In certain embodiments of the present invention, at least one anti-granuloma agent is mixed with at least one biodegradable polymer to form an anti-granuloma composition and thus providing a site-specific delivery of the anti-granuloma agent to a site of a contact of the device of the present invention with the tissue at a rate of degradation of the biodegradable polymer efficient to cure or prevent the formation of granulomas.
As used herein, the term “biodegradable” refers to materials, which are enzymatically or chemically degraded in vivo into simpler, and preferably innocuous chemical species.
The biodegradable polymers are generally biocompatible, that is, physiologically tolerated and not the source of adverse local or systemic responses.
The general criteria for selecting a polymer for use in a body as a biomaterial is to match the mechanical properties and the time of degradation to the needs of the application. For example, if the device is left in a body for at least 12 weeks, the composition including the biodegradable polymer and the anti-granuloma agent can be designed to degrade and release the anti-granuloma agent within at least 12 weeks.
The suitable polymer for a particular application would be configured so that it does not invoke an inflammatory or toxic response, is metabolized in the body after fulfilling its purpose, leaving no trace, is easily processable into the final product form, demonstrates acceptable shelf life, and is easily sterilized.
Biodegradable polymers can be either natural or synthetic. An example of a natural polymer is a polysaccharide. Synthetic polymers include poly(lactic acid) (PLA), poly(glycolic acid) (PGA) and co-polymers of PLA and PGA such as poly(lactide-co-glycolide) (PLGA), polyorthoesters, polyanhydrides, polyphosphazene, polycaprolactone, polyhydroxybutyrate, p-dioxanone, poly(dioxanone)(polyether-ester), blends and copolymers thereof. Preferred biodegradable polymer is a member selected from the group consisting of polyglycolide (PGA), polylactide (PLA) and isomers thereof, poly(-caprolactone), poly(dioxanone)(polyether-ester), and poly(lactide-co-glycolide) (PLGA).
For anti-granuloma agents that are hydrolytically unstable, hydrophobic polymers that degrade by surface erosion rather than by bulk hydrolytic degradation should be used. Preferred polymers are selected from the group consisting of polyanhydrides and the polyorthoesters.
PLA polymers are usually prepared from the cyclic esters of lactic acids. Both L(+) and D(−) forms of lactic acid can be used to prepare the PLA polymers, as well as the optically inactive DL-lactic acid mixture of mixtures of D(−) and L(+) lactic acids. Methods of preparing polylactides are well documented in the patent literature. The following U.S. patents describe in detail suitable polylactides, their properties and their preparation: U.S. Pat. No. 1,995,970 to Dorough; U.S. Pat. No. 2,703,316 to Schneider; U.S. Pat. No. 2,758,987 to Salzberg; U.S. Pat. No. 2,951,828 to Zeile; U.S. Pat. No. 2,676,945 to Higgins; U.S. Pat. No. 2,683,136 to Higgins; and U.S. Pat. No. 3,531,561 to Trehu.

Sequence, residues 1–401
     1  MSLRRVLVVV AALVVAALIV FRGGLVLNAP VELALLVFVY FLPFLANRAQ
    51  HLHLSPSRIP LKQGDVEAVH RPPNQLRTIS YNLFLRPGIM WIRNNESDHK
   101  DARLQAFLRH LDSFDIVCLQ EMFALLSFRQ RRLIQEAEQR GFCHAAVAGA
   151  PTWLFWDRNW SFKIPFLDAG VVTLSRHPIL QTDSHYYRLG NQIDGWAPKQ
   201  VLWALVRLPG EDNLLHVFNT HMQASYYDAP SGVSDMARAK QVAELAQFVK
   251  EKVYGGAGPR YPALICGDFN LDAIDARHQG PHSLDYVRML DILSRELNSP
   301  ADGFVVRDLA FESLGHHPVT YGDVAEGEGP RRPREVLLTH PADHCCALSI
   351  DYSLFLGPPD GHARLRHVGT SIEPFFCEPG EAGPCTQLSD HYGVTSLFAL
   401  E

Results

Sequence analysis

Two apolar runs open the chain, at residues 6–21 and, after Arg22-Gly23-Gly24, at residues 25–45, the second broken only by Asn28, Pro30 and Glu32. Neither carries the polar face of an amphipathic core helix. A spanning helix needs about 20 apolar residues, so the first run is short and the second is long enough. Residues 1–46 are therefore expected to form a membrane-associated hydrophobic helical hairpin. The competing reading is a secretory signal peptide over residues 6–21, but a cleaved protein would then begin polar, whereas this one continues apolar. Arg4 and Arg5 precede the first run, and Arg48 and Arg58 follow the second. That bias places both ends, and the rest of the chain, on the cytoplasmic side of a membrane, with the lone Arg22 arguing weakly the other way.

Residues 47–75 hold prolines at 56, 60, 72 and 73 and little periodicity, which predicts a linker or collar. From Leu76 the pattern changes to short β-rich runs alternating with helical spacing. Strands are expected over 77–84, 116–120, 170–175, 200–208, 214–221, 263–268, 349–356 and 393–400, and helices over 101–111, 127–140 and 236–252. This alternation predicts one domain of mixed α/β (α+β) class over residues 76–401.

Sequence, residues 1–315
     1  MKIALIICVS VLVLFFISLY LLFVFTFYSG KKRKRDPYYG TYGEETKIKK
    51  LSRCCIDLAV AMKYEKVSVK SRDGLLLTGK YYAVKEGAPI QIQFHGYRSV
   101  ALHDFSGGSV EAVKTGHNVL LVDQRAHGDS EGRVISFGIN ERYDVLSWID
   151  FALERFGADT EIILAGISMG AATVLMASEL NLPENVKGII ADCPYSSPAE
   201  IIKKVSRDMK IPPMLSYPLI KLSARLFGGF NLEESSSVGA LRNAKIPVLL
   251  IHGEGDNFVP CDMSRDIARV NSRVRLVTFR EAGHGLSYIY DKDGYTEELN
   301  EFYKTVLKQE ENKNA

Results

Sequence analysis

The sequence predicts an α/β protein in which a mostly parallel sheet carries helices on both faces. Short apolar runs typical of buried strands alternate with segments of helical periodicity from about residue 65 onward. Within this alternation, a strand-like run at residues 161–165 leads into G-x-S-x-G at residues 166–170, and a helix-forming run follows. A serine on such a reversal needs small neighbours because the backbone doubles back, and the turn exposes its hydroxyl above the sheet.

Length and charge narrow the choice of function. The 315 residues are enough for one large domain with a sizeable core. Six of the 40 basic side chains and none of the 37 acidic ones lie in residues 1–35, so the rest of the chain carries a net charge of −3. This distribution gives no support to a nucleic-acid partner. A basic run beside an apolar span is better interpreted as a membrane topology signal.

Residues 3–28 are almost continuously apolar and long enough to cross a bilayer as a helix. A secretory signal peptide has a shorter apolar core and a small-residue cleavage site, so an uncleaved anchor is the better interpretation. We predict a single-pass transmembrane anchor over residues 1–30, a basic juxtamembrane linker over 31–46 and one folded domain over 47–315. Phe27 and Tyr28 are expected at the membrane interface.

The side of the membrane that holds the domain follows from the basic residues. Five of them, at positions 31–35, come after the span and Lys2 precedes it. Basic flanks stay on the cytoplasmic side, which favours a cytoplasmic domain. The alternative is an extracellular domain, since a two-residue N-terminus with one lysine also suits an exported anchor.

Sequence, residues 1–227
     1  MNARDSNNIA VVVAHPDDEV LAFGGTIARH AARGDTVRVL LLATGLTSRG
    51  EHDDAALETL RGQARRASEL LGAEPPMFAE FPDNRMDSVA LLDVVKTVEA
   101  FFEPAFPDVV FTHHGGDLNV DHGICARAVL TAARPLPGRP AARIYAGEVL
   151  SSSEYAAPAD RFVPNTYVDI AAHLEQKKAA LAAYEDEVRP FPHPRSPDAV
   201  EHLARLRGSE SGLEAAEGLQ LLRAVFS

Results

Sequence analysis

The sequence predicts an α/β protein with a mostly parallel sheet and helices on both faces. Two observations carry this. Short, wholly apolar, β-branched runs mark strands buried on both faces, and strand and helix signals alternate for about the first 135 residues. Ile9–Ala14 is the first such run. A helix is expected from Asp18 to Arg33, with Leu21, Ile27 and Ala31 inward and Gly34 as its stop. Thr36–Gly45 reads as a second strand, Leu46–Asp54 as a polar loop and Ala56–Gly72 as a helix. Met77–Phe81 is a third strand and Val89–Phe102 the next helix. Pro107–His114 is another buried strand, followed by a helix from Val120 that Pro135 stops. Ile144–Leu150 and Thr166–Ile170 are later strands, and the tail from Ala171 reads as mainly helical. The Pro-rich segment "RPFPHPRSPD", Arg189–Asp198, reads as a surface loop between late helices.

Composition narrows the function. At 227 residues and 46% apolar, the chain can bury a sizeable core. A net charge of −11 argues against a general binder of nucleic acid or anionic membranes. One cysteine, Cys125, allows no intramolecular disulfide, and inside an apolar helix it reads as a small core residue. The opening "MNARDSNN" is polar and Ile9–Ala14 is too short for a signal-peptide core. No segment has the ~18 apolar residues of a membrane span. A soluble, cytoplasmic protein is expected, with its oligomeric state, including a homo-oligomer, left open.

PGA is the homopolymer of glycolic acid (hydroxyacetic acid). In the conversion of glycolic acid to poly(glycolic acid), it is initially reacted with itself to form the cyclic ester glycolide, which in the presence of heat and a catalyst is converted to a high molecular weight linear-chain polymer. PGA polymers and their properties are described in more detail in “Cyanamid Research Develops World's First Synthetic Absorbable Suture”, Chemistry and Industry, 905 (1970).
Both the release of the incorporated anti-granuloma agent and the bioerosion of the matrix (the polymer) are related to the molecular weights of PLA, PGA or PLGA. The higher molecular weights (e.g., weight average molecular weights of 90,000 or higher) result in polymer matrices which retain their structural integrity for longer periods of time, while lower molecular weights (weight average molecular weights of 30,000 or less) result in both slower release and shorter matrix lives.
In addition, degradation times can be adjusted from days to years according to the degree of hydrophobicity of the selected monomers and chemical stability of the polymer backbone. See Middleton et al., Synthetic Biodegradable Polymers as Medical Devices, Medical Plastics and Biomaterials Magazine, (March 1998).
In certain embodiments of the present invention, association of the anti-granuloma agent with the biodegradable polymer may be by physical means, i.e., entrapment within the polymer layer, or by covalent attachment within the biodegradable polymer layer and/or at the surface of the biodegradable polymer layer, thereby forming an anti-granuloma composition capable of controlled release of the anti-granuloma agent. Entrapment may occur at the time the layer is formed, or subsequently, i.e., by absorption of the anti-granuloma agent into the formed layer. The anti-granuloma composition comprising at least one biodegradable polymer and at least one anti-granuloma agent can be prepared by methods known in the art.